Open Letter to Presidential Candidates: Tell Us How You Are Going to Fix Healthcare and Social Security
Note to presidential candidates. Forget about hand size and wife bashing. The majority of potential voters want to know what you are going to do about Social Security, healthcare and taxes. With the election too close to call in a recent Credit Karma survey, respondents – including more than one in five undecided voters – are actually united on the issues they say are their top priorities. Only after those concerns are addressed do the priorities start to diverge with those currently having lower credit scores tending to focus on economic issues like taxes, unemployment and college debt. Meanwhile, those with higher credit scores tended to say they would be more likely to classify foreign relations, defense spending and immigration as very or extremely important.
The differences became apparent in late March and early April when Credit Karma surveyed over 1,000 of its more than 50 million members, asking them to rate 14 issues on a five-point scale ranging from “not at all important” to “extremely important”. We compared the credit scores* of the respondents in aggregate and found that an individual’s credit score can say a lot about what issues matter to them and how that might impact their vote in the presidential election.
Here are some of the highlights:
Surprising Agreement on Top Issues
Across all credit score ranges, ages and genders, healthcare and Social Security were the two issues most frequently marked as very important or extremely important for 8 out of 10 respondents.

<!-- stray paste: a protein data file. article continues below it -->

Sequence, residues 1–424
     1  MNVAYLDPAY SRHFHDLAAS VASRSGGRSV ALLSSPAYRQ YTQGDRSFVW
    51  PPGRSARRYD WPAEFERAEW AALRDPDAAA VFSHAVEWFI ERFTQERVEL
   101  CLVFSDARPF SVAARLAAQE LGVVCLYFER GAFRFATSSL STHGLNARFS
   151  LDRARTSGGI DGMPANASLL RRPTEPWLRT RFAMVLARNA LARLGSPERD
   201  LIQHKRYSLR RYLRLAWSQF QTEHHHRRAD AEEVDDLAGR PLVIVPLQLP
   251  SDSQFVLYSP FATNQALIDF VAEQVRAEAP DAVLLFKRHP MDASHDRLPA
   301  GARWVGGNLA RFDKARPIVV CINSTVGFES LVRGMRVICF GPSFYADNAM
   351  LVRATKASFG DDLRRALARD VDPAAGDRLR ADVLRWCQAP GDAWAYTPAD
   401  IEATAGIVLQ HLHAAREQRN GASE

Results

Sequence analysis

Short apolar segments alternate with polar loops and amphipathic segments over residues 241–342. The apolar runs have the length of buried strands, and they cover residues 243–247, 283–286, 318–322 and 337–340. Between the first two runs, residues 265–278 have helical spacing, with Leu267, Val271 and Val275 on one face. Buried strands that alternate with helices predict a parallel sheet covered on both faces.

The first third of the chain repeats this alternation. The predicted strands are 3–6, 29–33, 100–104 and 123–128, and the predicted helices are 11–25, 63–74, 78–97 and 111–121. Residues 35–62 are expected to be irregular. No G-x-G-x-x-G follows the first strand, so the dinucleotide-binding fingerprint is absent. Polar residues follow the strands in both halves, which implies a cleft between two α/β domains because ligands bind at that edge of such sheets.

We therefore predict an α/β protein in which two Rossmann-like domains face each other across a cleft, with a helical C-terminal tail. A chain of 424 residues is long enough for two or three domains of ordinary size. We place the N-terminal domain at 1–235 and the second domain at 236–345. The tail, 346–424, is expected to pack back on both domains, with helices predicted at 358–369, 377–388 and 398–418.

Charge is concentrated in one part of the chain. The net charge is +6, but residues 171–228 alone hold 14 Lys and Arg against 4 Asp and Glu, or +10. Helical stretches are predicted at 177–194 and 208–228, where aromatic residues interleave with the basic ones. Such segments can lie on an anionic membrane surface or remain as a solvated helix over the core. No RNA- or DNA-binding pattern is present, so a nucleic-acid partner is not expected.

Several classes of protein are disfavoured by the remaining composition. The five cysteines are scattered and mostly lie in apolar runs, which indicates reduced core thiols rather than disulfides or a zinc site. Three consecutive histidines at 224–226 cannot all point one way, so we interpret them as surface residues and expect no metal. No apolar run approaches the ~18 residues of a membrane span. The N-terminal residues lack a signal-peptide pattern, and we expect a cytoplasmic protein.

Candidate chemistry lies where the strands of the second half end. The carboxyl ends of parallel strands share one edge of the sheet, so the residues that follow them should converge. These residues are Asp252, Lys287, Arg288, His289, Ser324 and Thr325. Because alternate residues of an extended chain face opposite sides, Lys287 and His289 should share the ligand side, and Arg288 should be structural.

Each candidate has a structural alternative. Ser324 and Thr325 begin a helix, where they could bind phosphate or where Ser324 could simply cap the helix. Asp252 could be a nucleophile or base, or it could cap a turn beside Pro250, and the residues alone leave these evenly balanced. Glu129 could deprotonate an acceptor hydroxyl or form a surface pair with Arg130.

These findings echo a Pew Research Center survey conducted over the same timeframe. Across party lines, 71% voters do not want Social Security benefits to be reduced at all with only 26% saying some reductions for future retirees might have to be considered.
The same Pew survey showed that while healthcare is a hot button issue for both parties, voters are divided about the federal government’s role in mandating insurance.
Economic Issues vs. International Relations: Priority May Depend on Financial Perspective
After the agreement on healthcare and Social Security as priorities, the emphasis changes depending on credit score band.
Credit Karma members with lower credit scores more frequently said economic issues like unemployment, cost of higher education and wealth inequality were very important or extremely important. Respondents with the highest credit scores, instead marked foreign policy issues as very important or extremely important.
- Seven out of ten Credit Karma members with a credit score under 700 said unemployment was very important or extremely important to them, a rate that put the issue just behind taxes.
- Less than two-thirds of respondents (62%) with credit scores between 700 and 749 said unemployment was very important or extremely important. Among these members, immigration, defense spending and foreign policy were more important.
- For Credit Karma members with credit scores above 750, 55% ranked unemployment as very important or extremely important.
- Those with the highest credit scores (700 and above) ranked foreign policy and defense spending as very important or extremely important more often than those with lower credit scores.
- Three-quarters of respondents with credit scores above 640 aid immigration was extremely important or very important compared to 67% of those with scores below 640.
- While taxes ended up as one of the top three most important ratings for an overwhelming majority of members, the percent dropped considerably (to 73%) for those in the highest credit score band (above 750).
Memories of College Debt Fade with Time, Credit Score
With $1.27 trillion in outstanding student debt reported last year by the Federal Reserve, this mounting drag on the economy has become a highly charged issue with as many solutions as there are candidates.